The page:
The cost of "existing" or the "base cost" is housing, food, utilities, clothing, etc. If one wants to compare touring versus not-touring then one must account for the part of the cost that is variable, or marginal. Those would be the costs incurred only if touring but which would not be there if only existing at home in the base state.

    Since we all have to eat no matter what, have to be clothed no matter what, and so on, what people say makes sense, but only up to a point. For example, any additional lodging expense is a net add as is any repairs incurred because of the touring which would not be incurred when home. The overall effect is small, maybe 20 dollars a day I guess (for argument's sake, obviously, it can go up or down according to one's choices).

    This is very helpful fellas. Puts things in perspective.

    If one goes on a "big" trip to say, Australia, the net cost is really the one-time cost of any extra equipment, the airfare and transport to the launch point/back to the airport, and the 20 dollar "per diem" when looked at as a net addition to one's budget. In my specific case this would mean say 1000 dollars net-add of equipment since I already have most of the kit, about 2000 airfare (kayak.com), plust the 20 dollar per diem, say 600 for 30 days, plus let's say 400 for incidentals and transfers. So even a "biggie" trip like this can be had for $4,000 net add to the budget.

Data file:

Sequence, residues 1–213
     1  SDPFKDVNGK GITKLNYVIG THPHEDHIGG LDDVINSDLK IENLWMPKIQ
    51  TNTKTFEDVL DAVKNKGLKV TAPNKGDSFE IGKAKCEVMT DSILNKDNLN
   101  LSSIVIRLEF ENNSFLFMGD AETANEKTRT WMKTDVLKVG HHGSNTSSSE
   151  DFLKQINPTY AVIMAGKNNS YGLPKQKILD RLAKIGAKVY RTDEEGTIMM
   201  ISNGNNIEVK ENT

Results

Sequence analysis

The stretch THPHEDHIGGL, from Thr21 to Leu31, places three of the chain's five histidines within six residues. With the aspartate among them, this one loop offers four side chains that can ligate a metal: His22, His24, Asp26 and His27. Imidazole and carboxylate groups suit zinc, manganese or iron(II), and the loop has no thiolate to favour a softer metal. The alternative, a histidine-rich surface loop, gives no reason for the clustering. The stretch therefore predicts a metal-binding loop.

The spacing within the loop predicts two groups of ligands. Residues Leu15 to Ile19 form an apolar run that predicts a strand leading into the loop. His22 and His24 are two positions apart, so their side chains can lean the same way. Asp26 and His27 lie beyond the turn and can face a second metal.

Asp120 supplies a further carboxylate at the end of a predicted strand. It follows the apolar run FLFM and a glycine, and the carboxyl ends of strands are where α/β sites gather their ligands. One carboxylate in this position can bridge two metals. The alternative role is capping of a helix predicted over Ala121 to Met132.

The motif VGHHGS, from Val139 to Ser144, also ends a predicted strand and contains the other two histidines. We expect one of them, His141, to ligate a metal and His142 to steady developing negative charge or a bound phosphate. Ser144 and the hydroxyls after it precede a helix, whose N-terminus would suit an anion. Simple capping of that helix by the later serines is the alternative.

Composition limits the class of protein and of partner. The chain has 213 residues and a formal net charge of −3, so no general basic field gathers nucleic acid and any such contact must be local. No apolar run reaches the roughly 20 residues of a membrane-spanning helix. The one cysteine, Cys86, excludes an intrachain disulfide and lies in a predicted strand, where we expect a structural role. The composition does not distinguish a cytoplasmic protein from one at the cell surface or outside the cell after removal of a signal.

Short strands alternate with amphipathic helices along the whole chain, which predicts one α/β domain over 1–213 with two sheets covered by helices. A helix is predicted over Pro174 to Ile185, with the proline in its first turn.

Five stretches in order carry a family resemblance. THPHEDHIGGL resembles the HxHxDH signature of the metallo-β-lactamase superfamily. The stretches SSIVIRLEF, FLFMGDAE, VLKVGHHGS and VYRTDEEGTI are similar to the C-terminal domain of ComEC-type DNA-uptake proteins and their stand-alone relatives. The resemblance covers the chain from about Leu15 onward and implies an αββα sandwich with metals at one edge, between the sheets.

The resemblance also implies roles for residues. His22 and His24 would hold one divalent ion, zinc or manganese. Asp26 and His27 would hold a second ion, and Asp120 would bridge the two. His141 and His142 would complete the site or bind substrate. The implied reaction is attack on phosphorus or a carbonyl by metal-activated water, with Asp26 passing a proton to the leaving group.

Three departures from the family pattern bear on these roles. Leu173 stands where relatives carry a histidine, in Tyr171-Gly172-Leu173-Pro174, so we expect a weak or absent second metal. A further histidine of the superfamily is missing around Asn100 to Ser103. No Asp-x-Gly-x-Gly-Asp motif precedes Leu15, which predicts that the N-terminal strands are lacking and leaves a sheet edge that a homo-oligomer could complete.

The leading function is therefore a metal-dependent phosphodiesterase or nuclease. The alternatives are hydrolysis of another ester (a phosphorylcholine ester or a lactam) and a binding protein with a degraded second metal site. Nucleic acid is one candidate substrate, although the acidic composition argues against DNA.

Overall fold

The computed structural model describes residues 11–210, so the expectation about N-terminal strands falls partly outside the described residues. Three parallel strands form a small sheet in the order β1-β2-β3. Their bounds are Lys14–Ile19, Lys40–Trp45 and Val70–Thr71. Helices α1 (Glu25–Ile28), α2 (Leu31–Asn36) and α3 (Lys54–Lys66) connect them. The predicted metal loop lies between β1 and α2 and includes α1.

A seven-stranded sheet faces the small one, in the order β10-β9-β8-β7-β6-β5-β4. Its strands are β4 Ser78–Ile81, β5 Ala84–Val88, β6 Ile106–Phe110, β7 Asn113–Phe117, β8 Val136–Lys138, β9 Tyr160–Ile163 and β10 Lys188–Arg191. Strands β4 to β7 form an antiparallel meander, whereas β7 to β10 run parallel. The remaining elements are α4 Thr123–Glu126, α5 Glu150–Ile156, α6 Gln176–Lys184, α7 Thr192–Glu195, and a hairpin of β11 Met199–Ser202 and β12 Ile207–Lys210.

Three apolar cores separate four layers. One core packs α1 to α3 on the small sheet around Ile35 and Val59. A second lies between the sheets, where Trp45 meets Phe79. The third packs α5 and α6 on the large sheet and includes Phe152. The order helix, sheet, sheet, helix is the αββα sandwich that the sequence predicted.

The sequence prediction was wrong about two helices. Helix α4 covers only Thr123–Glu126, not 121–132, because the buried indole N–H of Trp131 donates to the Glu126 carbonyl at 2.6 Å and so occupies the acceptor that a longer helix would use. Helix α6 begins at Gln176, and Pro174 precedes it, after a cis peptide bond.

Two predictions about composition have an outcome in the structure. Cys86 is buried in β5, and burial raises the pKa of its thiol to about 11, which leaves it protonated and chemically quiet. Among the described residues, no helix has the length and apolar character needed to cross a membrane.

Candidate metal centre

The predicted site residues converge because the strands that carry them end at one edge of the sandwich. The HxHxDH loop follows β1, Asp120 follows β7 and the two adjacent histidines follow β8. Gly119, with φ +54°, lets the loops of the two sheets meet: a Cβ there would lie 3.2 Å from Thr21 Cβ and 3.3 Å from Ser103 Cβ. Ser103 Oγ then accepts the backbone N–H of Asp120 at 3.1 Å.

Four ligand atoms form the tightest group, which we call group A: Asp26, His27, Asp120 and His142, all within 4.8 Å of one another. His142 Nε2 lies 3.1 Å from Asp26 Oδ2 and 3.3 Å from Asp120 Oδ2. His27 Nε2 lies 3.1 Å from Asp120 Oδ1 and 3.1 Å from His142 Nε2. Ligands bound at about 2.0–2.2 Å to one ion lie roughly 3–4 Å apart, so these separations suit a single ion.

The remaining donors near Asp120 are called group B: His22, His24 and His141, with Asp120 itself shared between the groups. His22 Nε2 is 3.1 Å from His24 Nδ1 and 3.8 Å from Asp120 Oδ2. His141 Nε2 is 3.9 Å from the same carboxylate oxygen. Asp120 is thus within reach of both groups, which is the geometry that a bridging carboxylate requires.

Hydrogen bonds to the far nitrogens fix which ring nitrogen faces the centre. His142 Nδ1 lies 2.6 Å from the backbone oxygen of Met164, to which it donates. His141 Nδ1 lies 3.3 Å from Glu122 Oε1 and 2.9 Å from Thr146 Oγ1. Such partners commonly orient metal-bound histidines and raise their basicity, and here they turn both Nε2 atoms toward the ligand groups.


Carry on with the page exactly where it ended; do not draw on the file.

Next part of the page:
Not bad. Not bad at all. For you youngen's this is a real do-able trip even if one just does a little farm labor or bar tending here and there...

    What's amazing about this mode of travel is that a 60 day trip would only be 600 more!

  18. #18
    coprolite fietsbob's Avatar
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    direct Deposit worked OK, but abroad, I had to settle some where
    for a while to get Bank Statements mailed
    to see what my balance was and what the exchange rate costs were
    to withdraw Via Debit card, a different currency,
    from the dollar denominated deposits at home..
    Last edited by fietsbob; 11-17-10 at 04:27 PM.

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    Life is a fun ride safariofthemind's Avatar